If you have read the Arts and Entertainment page — and who are we kidding, of course you have — you know this year is the 50th anniversary of the Penguin Review, YSU’s only print literary magazine.
To celebrate this milestone, Penguin Review is releasing a commemorative issue dubbed, “Penguin Review: 50 Years in Review.” It will collect some of the best pieces published in the magazine over the past 50 years.
But the release of this issue of the Penguin Review will also commemorate the second issue the Penguin Review has released without consistent, set funding from the College of Liberal Arts and Social Sciences.
Much like The Jambar itself, the Penguin Review used to be funded through the university each year. This is how the magazine supported its annual publication and compensated the editors for their work.
However, this funding was cut in 2013.
Now while we at The Jambar are rolling around on the fat stacks YSU practically throws at us, the Penguin Review must support itself alone through everything from bake sales to grant applications to donations.
Though many student-run organizations on campus also support themselves independently through similar methods — and this of course is commendable as well — the Penguin Review had relied on this lifeline to pay for print and their other expenses for 48 years.
That rug was pulled out from under them suddenly, and it is a remarkable feat that the magazine was able to hold together so well.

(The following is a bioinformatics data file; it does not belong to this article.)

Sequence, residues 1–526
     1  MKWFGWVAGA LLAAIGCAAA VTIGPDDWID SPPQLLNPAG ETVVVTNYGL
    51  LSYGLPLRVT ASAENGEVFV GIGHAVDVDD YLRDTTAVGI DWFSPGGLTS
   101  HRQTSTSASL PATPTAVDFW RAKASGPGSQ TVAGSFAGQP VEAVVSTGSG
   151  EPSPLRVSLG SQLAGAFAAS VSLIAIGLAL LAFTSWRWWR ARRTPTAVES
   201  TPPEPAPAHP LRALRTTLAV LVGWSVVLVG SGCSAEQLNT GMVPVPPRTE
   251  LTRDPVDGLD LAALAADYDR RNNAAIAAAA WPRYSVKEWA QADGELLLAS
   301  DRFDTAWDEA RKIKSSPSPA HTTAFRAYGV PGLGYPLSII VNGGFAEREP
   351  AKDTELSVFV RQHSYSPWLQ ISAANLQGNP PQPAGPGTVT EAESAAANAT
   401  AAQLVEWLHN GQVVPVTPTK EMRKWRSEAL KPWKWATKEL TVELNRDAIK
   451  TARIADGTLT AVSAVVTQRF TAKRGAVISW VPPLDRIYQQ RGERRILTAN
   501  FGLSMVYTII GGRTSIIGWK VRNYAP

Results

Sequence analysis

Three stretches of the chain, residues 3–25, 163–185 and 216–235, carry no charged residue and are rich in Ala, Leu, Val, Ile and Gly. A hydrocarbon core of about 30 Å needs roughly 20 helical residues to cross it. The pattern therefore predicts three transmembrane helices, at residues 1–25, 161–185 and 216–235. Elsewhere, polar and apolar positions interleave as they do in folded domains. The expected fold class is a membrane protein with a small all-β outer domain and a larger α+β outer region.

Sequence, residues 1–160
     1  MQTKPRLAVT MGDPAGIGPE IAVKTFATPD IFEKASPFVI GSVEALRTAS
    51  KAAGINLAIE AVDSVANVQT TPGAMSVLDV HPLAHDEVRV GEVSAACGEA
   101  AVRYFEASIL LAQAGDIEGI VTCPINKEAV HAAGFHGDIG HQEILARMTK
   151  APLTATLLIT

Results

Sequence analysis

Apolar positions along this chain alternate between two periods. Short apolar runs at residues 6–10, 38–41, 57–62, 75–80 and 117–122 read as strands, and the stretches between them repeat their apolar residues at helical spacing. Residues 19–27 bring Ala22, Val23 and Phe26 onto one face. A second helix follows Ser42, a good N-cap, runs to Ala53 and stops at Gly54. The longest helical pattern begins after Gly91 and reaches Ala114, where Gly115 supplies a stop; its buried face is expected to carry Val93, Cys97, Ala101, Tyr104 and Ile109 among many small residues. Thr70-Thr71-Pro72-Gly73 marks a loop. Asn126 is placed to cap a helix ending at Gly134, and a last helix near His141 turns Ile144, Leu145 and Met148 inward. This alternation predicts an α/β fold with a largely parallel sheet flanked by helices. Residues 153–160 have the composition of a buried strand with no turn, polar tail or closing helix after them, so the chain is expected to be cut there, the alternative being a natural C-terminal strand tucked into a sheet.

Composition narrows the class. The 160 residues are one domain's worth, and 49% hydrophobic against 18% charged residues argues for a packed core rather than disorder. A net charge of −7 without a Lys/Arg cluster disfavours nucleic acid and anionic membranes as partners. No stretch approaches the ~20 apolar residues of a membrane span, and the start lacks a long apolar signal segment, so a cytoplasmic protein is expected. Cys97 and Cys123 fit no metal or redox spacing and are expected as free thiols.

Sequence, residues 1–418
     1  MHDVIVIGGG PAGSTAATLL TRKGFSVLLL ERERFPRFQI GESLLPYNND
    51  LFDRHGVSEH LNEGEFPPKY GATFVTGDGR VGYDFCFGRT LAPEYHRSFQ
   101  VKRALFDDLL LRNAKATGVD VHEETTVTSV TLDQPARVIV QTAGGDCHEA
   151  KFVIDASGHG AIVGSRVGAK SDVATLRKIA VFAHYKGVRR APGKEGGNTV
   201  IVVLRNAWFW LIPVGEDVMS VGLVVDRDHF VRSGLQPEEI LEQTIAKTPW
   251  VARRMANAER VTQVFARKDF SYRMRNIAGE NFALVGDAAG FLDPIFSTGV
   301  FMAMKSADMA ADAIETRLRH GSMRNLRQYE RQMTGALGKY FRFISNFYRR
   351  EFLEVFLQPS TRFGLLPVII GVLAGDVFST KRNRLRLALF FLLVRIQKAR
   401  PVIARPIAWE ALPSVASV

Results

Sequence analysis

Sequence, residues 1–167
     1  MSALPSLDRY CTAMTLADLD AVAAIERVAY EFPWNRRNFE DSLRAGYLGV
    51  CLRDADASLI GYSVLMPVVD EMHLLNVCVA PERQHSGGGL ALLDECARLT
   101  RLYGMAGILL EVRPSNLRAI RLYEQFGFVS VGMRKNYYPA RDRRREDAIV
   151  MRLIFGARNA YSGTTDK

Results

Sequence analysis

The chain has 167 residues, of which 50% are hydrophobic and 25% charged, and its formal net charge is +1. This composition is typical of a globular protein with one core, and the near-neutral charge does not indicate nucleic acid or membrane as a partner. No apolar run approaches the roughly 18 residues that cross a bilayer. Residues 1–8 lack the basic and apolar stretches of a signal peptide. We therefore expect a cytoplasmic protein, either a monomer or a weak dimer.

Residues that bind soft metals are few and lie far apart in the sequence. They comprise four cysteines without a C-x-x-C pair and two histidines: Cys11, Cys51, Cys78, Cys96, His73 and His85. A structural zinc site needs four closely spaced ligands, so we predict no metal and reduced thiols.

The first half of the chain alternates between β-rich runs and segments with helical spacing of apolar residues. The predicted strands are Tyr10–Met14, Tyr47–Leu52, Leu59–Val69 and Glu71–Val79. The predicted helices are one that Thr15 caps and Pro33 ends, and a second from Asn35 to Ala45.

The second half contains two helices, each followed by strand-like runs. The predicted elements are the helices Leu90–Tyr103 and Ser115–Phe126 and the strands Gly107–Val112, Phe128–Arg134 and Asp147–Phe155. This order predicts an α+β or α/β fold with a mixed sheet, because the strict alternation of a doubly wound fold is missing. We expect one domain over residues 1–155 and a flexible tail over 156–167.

As another piece of student print media, albeit a significantly different one, we can say with certainty that we simply would not survive if this happened to us.
Thanks to the effort of the current staff at the Penguin Review, they did not crumble, but instead they were able to produce both their traditional annual issue last spring and now a second special edition this semester. The co-editors of the literary magazine said they spent, on average, 15 to 25 hours each week throughout this year and closer to 35 hours in the weeks of production.
It is easy enough to be dismissive of this commitment, as we are all full-time students who are also throwing their minimal time into building resumes, but this group is providing a legitimate service to students of YSU without compensation and without consistent financial support from the university. Along with Jenny Magazine, the Penguin Review offers budding creatives at YSU a chance to submit their work anonymously and begin their daunting trip through the cutthroat world of creative writing in a lower-pressure environment.
It gives many creatives their first chance to really prove their skill. Essentially these literary magazines are a crucial stepping stone for an entire slice of the YSU community. And it is not an inexpensive pursuit — costing $1,500 to print each edition of Penguin Review, which is offered to the public for free by the group.
Of course, none of this would have been possible if not for The Jambar, who bravely provides the Penguin Review office, which is right down the hall from us, with printer paper. You’re welcome.
Anyway, we give our kudos to the Penguin Review for their tenacity and loyalty to this pursuit — when others would simply have allowed the ship to sink — as well as other student groups, such as Jenny Magazine and the Student Government Association, who provide a service to the university on their own time. In general, if you are a student who adds to the YSU community, pat yourself on the back — no, actually pat yourself on the back, we will know if you don’t.
Congratulations on your 50th anniversary Penguin Review; you deserve to celebrate.